Chapter

The Controversial Virtue of Thrift in the Early American Republic

Daniel Walker Howe

in Thrift and Thriving in America

Published in print July 2011 | ISBN: 9780199769063
Published online May 2012 | e-ISBN: 9780199896851 | DOI: http://dx.doi.org/10.1093/acprof:oso/9780199769063.003.0002
The Controversial Virtue of Thrift in the Early American Republic

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This chapter shows thrift to be a subject of long-standing and often bitter disputes over which vision of human thriving would define the character of American society. It argues that the very notion of thrift has been from the earliest days a robustly contested idea, practice, and public ideal. The competition to define thrift has played out between Calvinist theology, classical republican thought, and Scottish moral philosophy, and against the transition from early America's largely agriculture-based economy to the industrialized, urbanized America of the late 19th century. The results were multifarious. On the one hand, city living multiplied temptations to spend and indulge. On the other hand, it helped bring into being a prosperous middle class that embraced thrift as a guiding virtue. Thrift thus underwent various recalibrations as the young nation vacillated between rural and urban development, between consumptive refinement and productive sobriety, and between private and public interests. In each case, thrift has been subject to competing definitions and demands.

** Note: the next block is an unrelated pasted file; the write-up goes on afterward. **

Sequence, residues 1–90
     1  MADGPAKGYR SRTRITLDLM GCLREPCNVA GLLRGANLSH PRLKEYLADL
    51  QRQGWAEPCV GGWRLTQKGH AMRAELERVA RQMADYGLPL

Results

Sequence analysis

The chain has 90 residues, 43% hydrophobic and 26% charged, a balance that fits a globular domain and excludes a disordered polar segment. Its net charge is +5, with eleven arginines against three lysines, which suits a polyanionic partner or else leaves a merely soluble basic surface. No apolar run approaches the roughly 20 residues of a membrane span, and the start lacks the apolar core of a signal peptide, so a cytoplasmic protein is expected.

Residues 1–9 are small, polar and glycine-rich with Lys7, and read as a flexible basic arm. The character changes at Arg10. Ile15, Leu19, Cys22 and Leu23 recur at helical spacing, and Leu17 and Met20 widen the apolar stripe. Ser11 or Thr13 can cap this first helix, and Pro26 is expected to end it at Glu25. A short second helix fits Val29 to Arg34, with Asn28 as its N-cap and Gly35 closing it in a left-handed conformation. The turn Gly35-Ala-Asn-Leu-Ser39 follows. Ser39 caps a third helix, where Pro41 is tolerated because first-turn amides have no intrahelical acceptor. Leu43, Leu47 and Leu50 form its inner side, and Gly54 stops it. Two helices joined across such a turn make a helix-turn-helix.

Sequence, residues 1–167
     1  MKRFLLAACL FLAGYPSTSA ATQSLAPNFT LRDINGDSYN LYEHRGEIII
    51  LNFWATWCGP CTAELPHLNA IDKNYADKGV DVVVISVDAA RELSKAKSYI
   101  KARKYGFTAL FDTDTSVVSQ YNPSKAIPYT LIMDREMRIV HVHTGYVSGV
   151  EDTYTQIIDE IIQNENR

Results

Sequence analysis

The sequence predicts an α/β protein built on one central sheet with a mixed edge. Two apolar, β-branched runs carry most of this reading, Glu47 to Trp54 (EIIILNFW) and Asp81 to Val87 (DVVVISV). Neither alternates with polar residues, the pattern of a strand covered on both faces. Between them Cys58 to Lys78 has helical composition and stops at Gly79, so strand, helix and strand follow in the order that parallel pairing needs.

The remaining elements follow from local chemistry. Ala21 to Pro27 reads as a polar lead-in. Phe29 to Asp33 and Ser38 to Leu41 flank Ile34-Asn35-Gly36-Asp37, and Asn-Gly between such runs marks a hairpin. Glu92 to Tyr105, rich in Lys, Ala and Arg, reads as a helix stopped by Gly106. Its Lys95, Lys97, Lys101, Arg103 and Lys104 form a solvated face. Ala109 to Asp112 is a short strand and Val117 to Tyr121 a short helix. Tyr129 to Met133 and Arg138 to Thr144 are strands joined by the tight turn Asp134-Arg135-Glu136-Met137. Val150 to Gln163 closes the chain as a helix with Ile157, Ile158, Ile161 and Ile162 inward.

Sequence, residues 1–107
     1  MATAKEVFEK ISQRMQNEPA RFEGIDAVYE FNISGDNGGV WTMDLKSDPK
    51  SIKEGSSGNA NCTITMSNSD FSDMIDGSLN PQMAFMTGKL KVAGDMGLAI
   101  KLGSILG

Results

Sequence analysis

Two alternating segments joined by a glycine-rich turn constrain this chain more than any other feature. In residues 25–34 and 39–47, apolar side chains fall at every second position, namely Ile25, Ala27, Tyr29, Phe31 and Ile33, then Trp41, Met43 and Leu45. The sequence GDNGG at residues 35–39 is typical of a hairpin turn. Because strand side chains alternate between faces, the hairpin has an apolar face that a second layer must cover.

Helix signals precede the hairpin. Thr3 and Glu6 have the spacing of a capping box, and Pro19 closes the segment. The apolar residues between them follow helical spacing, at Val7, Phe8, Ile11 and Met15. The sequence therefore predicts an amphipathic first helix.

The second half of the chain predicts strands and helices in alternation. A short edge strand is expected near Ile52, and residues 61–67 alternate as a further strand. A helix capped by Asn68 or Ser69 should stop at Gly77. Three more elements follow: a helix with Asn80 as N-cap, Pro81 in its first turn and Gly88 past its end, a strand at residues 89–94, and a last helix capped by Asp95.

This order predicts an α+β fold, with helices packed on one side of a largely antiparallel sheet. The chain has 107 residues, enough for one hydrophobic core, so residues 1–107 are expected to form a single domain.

Keywords: American society; thrift; Calvinist theology; republican thought; Scottish moral philosophy; economic development

Chapter.  11471 words. 

Subjects: Economic Sociology

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